I always like collecting things. At first the archive collection was small, but then it started growing especially after the newsletters were being sent out on a regular basis and the publication of the official Book of the Dead Heads, which was later in 1983. Many wonderful letters and art started coming to the band.
In the summer of 1976 when the band came out of retirement and Grateful Dead Records and Round Records closed down, I was the only one working at the Lincoln Avenue office. I discovered many promotional materials that were left behind. In the basement I found boxes of Grateful Dead press clippings starting in 1969-70. I found file boxes of past Grateful Dead employees with photos and letters etc. I also found many return promo mailings sent to the Dead Head’s mailing list which included LP singles, stickers, album cover art etc. from the record companies. It was then that I started to put the press clippings in chronological order. Around that time various artists started giving us copies of their posters, etc. and publication of various books on the Grateful Dead became common.
This was also around the time we started the Grateful Dead Hotlines that gave our tour dates and how to order tickets. Eventually we had two different hotlines. One on the West Coast and one on the East Coast. The lines were accessible 24 hours a day. I always had to keep the machines clean especially after a New Year’s run. People started sending in their ticket requests in decorated envelopes to the Grateful Dead ticket office. The staff at the ticket office in 1983 was small initially, and it was at this time that my daughter Cassidy started working part time. Then after high school graduation in 1988, she came to work for Grateful Dead Productions full time.
While Jerry was still on board, the band bought the old Coca-Cola building in Novato. This was the first building they ever owned. After Jerry’s passing, plans were made for the business office, the rehearsal studio at Front Street, the Grateful Dead Merchandising Company, and the vault to merge and move to this location under one roof. In 2003 the band started discussing closing it all down and selling the building. A small skeleton crew was kept on and we moved to a new office location and rented a warehouse location to store everything including the archives. The band members and management were discussing what to do with the archives which by then was 2006. They understood the value and wanted to make sure it went to the right place that would take good care of it. UC Santa Cruz seemed perfect.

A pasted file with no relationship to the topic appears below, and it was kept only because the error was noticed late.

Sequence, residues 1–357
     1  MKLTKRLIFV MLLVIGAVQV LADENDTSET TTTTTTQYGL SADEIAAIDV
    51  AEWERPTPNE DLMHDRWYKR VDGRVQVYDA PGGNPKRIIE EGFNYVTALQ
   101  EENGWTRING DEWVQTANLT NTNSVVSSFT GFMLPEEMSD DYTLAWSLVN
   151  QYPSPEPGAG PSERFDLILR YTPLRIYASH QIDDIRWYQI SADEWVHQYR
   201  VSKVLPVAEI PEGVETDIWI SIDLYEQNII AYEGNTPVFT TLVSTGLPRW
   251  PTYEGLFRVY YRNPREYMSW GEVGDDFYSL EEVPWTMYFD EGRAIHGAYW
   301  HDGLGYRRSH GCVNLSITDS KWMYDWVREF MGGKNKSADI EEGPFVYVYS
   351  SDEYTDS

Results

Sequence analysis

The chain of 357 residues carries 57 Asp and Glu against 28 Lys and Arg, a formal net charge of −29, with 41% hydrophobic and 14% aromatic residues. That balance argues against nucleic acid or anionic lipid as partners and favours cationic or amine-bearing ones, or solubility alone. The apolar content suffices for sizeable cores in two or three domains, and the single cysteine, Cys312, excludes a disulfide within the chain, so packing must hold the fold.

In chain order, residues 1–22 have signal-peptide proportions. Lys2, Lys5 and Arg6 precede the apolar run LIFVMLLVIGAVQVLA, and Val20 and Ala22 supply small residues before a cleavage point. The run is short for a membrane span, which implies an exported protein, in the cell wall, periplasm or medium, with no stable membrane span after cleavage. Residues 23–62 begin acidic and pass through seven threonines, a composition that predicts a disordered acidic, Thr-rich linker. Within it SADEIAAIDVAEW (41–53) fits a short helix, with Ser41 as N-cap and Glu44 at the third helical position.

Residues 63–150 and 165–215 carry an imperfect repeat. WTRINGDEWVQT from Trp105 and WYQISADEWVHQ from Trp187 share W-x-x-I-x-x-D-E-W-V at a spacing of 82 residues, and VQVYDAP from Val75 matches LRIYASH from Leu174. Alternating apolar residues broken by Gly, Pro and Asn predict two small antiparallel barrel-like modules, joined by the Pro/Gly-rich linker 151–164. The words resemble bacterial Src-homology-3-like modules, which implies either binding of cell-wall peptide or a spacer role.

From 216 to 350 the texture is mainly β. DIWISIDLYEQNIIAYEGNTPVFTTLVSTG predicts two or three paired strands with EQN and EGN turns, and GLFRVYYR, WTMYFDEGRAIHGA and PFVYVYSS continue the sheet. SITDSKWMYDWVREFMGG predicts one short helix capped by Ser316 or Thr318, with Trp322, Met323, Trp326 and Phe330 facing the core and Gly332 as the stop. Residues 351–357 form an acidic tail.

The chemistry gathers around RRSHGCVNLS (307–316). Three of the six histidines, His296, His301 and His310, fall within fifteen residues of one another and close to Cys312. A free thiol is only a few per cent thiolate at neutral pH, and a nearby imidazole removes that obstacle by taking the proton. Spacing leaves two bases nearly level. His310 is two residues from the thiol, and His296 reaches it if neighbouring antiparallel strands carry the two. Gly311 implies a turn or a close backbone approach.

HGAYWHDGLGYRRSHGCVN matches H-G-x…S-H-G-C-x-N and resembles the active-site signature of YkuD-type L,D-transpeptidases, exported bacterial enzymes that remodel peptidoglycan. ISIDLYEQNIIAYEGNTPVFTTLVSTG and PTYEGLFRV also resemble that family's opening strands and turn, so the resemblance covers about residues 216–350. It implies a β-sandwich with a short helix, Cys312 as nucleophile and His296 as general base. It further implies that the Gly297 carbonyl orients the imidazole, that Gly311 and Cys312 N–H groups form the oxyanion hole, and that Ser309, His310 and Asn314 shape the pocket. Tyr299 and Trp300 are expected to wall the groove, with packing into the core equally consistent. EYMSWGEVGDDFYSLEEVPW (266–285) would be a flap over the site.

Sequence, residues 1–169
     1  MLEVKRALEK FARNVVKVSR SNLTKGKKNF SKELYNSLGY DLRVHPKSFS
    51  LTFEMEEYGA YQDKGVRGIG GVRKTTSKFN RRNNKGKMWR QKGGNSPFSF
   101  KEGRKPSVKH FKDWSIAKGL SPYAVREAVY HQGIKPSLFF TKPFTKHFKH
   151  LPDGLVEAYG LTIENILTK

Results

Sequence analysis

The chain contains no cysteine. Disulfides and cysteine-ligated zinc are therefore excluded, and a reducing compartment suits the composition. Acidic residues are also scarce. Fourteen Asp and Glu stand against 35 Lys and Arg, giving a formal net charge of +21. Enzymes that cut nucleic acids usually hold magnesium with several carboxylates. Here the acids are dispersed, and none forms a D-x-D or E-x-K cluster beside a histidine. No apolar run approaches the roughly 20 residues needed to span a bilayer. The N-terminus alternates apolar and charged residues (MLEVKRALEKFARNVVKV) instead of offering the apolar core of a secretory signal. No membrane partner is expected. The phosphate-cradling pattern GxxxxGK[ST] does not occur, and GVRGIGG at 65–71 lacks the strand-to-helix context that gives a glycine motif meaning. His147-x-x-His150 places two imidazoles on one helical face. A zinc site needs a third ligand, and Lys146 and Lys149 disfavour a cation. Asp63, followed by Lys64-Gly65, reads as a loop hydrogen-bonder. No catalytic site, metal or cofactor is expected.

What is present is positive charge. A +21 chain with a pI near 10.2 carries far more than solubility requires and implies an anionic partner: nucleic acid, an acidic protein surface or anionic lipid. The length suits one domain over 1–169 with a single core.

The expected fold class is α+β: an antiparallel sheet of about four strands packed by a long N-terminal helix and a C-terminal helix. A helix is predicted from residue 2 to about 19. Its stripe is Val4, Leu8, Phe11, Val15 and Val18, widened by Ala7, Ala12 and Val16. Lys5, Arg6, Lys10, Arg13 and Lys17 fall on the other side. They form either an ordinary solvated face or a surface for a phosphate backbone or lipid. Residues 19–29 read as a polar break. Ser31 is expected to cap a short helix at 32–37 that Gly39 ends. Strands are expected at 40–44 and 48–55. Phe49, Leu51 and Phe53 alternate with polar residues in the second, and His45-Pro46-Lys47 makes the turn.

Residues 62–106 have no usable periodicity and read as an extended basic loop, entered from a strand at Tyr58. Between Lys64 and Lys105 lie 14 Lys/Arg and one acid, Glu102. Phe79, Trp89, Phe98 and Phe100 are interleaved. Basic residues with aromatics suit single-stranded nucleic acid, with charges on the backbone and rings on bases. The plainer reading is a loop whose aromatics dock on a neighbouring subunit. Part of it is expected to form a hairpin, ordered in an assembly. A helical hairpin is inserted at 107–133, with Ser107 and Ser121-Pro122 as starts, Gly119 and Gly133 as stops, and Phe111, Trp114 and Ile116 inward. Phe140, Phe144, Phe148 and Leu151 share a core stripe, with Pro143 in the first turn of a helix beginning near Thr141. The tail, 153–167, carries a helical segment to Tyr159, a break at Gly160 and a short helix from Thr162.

Q: How did it feel to let go of the archive and send it on its way to UC Santa Cruz?

It was a blessing to have those semi-trucks full of materials leave for UC Santa Cruz. Even the huge table that the band purchased in England in 1972 during their European tour that you now have went on the semis. That table used to be in our office at Front Street where the band rehearsed, so it has a cool history. It’s pretty neat that it still has an important part to play.
To be honest, I had been concerned before it all went safely to UC Santa Cruz, because so many people had keys to our storage. I would even change the locks from time to time. I was worried someone would try to get in and take materials. I was just so thankful UC Santa Cruz accepted the collection. It makes me so happy knowing you’ve been working so hard to preserve it all and that anyone is able to go your campus and enjoy the archive. 
Thank you for your part in keeping it all alive.

Q: Do you still attend shows by the band members today?

I have actually never been to any of the newer shows. The last show I was at was “The Dead” with Joan Osborne in 2003 at the Shoreline Amphitheatre. I did see the ‘Fare Thee Well’ Chicago performance of 2015 on TV. When I heard Trey Anastasio perform ‘Althea’ I completely lost it. Jerry would have been pleased. It was beautiful!

Q: What made Jerry stand out to you over the years?

Jerry was just such a people person. Like I said earlier, when I first met them in the Haight they were so easy to approach, all of them. They were always on the street. They always made us all feel so welcome. But Jerry in particular was just amazing. I miss his voice. Not just for the songs, but also for his thoughts. I loved his interviews -- I often wonder what he would be thinking about what is going on in the world right now. All the division, all the anger. What would Jerry say about it? I also liked him because he would stick up for me around the office. He would always help me out. Okay, when he was grumpy, he was really grumpy. But he was just a wonderful person. When I play the new vault releases, I put on my headphones and I can hear his voice when he talks on stage in between songs. I miss him, his smile and laugh, but mostly his friendship.
(Credits: Eileen today, photograph by Joop Rubens/UC Santa Cruz; Eileen in Grateful Dead Headquarters, photograph by Blair Jackson)